Among the headboards in the Native Cemetery in Dyea are those of Sophia, Mabel and Julia Matthews. The white wooden markers and crib (small fence around the grave) stand crooked while grass and bush creep around and almost cover the structures.
The graves have had little maintenance since Bill Matthews, husband to Sophia and father to the girls, died in 1976. Matthews personally tended and preserved the graves following their deaths in 1920 and 1921.
"He was the unofficial caretaker of the cemetery," said Carl Smith, nephew of Bill Matthews. "He took a personal interest in maintaining these grave sites."
Carl, of Juneau, and his father Norman Lewis Smith Sr., are personally restoring their family's headboards and cribs in the Dyea and Skagway cemeteries.
"Carl is the one member of the family that was very interested in his heritage, so he began to dig," Norman said.
Carl said he became interested in his family history in the early 1970s after hearing stories from his uncle. He then started his search by pulling a dozen-and-a half death certificates from state archives.
"It's been quite a puzzle to put it all together," Carl said.
Carl looked at the graves and came up with marriage certificates of his grandparents and the death certificates of Sophia and Mabel, he said.
"This project is the brainchild of my father," said Carl, who has replaced six headstones of family members in Sitka, Juneau and Haines, and completed two in Dyea and two in Skagway.
A couple of years ago Carl and Norman approached the National Park Service about restoring the graves and volunteered to do the restoration, Reed McClusky of the park service said. The cemetery is on park service property.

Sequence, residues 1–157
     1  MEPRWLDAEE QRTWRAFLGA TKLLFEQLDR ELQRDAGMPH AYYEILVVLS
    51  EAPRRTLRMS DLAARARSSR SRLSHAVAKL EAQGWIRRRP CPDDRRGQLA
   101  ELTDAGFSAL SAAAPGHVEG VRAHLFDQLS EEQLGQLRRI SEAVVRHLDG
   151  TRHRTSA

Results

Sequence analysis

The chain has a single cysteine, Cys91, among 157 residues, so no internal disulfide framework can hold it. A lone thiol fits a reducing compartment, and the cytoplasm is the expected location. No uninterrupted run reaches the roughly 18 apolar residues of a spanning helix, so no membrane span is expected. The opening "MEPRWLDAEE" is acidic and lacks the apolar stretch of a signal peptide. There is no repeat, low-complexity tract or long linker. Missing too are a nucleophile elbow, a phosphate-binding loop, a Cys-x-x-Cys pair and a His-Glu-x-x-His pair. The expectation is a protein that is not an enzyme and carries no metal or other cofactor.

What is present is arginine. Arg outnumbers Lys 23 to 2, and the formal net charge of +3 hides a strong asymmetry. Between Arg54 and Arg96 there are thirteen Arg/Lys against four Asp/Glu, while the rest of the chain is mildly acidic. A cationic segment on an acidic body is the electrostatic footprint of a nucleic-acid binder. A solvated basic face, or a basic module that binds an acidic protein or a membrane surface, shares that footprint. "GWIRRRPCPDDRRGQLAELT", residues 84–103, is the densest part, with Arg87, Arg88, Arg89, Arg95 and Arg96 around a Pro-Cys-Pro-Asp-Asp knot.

"The families identified a desire and need to have some work done," he said.
Headboards were replaced in the Skagway cemetery for Mrs. W.E. Matthews, Carl's great-grandmother, and Ms. Marion Matthews, W.E. Matthews' sister-in-law.
In Dyea, headboards for Sophia, Mabel and Julia Matthews were replaced. Sophia was 27 and died in 1921. Mabel, 8, and Julia, 1, died in 1920 and share a grave and headboard.
"There was always speculation on how many people were buried in that grave," Norman said.
"I've got hundreds of hours into this," said Ralph Lopez, who constructed part of the crib at his home in Port Angeles, Wash., and completed the project in Skagway's park service woodshop. He said he has been working on the project for more than a year.
"It's kind of fun," he said. "You sort of develop a kinship with the Matthews' spirit."
Lopez, who has known Lewis for 15 years, said Lewis paid to have him and his son David, 13, come to Skagway to work on the project.
"He gave me an offer I couldn't refuse," Lopez said. "I wanted to show David Alaska."
Lopez, who has been a drywall finisher for the past 30 years, said, "This is a nice change, working on (the crib)."
The Matthews' graves were among seven moved from the original Dyea Native Cemetery to its present site outside the Slide Cemetery by the park service in 1978. The Native Cemetery had been in danger of being eroded by the meandering Taiya River.
"The crib was in poor condition and fell apart when they moved it over there," Norman said.
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